It’s hard to recover from any kind of supporter mutiny and the unsavoury scenes that we witnessed in November and December outside Celtic Park, when fans gathered to call for his head, signalled the end of his second tenure at Parkhead.
The last fanbase revolt we witnessed in the Scottish game was when Craig Levein was hounded out of Hearts. He, too, tried to ride the storm. It didn’t end well.
Lennon might have lasted until the end of the season had Celtic not put an antler in their recovery balloon with a damaging loss away at bottom-club Ross County. The second defeat by the Staggies this season was too much for all at Parkhead.
It leaves Lennon, 49, out of the game. The last time this happened was two years ago, when he vacated his role at Hibs. Just a month later, Celtic approached him to hold the baby after Brendan Rodgers’ exit to Leicester. In the main, Lennon did a fine job, winning two titles, two Scottish Cups and a Betfred Cup to add to his previous haul when he was first in charge between 2010 and 2014.
That CV – and don’t forget his fine work at Hibs, less so, perhaps, at Bolton – stands up to scrutiny. He would be a major coup for any other Scottish club outside of Rangers and a fair number of English teams too, even if his spell in Lancashire wasn’t the best.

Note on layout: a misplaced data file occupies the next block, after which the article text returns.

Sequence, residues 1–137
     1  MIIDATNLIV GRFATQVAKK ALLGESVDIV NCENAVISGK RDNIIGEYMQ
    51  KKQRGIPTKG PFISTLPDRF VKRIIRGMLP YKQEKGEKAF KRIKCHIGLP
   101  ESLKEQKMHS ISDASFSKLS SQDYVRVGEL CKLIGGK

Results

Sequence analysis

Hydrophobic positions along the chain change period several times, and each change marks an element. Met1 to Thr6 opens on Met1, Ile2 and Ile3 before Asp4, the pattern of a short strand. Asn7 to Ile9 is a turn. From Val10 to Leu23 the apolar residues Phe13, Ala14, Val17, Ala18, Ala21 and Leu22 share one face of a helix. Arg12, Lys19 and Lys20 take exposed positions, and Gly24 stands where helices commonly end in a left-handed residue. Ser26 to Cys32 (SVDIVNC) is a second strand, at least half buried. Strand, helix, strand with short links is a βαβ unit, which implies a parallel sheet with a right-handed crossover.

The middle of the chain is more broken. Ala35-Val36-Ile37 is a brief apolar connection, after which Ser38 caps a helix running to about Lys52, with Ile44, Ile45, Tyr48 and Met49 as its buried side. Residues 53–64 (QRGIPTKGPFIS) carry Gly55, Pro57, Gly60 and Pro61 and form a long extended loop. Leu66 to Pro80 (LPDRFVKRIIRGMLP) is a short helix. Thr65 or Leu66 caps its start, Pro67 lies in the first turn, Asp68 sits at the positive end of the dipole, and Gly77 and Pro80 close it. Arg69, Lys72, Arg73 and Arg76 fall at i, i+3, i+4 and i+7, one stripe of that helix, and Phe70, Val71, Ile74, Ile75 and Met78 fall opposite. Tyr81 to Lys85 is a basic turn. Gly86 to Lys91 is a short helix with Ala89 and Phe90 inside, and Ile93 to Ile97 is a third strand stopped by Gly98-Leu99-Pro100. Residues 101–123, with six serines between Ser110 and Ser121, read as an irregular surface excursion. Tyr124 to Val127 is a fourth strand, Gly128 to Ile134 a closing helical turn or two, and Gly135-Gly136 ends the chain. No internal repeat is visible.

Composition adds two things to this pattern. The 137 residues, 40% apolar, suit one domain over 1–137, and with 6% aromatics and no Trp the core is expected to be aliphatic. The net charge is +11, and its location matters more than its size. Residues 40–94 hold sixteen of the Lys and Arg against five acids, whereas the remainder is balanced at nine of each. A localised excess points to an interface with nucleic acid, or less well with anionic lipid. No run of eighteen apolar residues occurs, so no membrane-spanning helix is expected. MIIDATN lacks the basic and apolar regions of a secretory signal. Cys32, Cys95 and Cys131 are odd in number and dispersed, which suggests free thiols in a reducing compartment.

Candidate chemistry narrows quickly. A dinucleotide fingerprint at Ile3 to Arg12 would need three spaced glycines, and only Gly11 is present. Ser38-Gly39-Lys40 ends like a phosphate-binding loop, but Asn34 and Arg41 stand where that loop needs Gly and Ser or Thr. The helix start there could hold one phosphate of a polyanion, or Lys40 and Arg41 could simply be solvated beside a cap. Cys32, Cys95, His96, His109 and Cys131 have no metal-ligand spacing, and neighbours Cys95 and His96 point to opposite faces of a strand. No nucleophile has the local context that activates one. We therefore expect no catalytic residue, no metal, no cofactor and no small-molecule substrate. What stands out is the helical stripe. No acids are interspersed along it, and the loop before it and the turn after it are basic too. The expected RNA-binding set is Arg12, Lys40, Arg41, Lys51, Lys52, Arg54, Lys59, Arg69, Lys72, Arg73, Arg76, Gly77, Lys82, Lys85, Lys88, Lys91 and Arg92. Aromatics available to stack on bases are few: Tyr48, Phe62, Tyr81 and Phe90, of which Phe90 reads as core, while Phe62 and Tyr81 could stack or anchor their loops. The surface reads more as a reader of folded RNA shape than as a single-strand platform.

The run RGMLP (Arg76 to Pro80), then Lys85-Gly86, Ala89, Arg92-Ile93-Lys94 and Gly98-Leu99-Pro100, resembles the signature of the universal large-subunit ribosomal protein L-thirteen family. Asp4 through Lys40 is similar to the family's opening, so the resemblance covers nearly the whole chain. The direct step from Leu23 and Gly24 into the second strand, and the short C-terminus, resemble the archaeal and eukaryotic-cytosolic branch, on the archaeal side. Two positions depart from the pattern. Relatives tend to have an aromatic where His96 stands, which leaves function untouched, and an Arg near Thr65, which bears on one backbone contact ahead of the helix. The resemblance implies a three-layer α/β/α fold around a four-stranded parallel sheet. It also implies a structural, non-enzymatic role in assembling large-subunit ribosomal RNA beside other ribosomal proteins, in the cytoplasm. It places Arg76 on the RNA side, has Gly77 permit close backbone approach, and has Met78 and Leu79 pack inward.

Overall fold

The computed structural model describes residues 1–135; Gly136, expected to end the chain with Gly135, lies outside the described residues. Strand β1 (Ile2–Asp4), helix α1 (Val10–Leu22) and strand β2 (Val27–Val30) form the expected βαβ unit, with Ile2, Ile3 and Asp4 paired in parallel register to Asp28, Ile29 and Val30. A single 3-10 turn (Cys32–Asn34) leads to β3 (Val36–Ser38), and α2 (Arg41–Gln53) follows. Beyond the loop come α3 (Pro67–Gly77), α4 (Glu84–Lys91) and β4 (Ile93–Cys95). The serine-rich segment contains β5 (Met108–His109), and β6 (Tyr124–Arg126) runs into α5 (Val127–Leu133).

It seems fanciful to suggest we will see him back in a club job up here any time soon. Hibs was an excellent fit at the time, but his persona doesn’t really match with too many others. Plus, he is a winner, canny at seeing opportunities with clubs and taking them. There aren’t many out there.
A return to management isn’t out of the question, but an open book in terms of his own personal struggles, Lennon is sure to feel raw and sad about how his time at Celtic has ended. He adores the club, of that there is no question, and it will take time for him to recover from the blow of not delivering ten Premiership titles in a row, given that it is the holy grail for the club and its supporters.
When will we next hear from Lennon? Probably on BBC Radio 5Live, or on the television. A mighty fine manager, Lennon is also a mighty fine pundit. Eloquent, informative, witty and not afraid to speak his mind, there will be a queue of outlets keen to have him involved. The European Championships this summer seems a great fit to begin with. He’s kept himself busy in between jobs before with these mediums.
No doubt, wounds will be licked. But one hopes we see Lennon back in the game soon. He can rub many people up the wrong way with his frank attitude, but his success is there in black and white. He would have more to give, perhaps even in a national team role. With Scotland boss Steve Clarke one of the candidates for the Celtic vacancy, stranger things have happened ...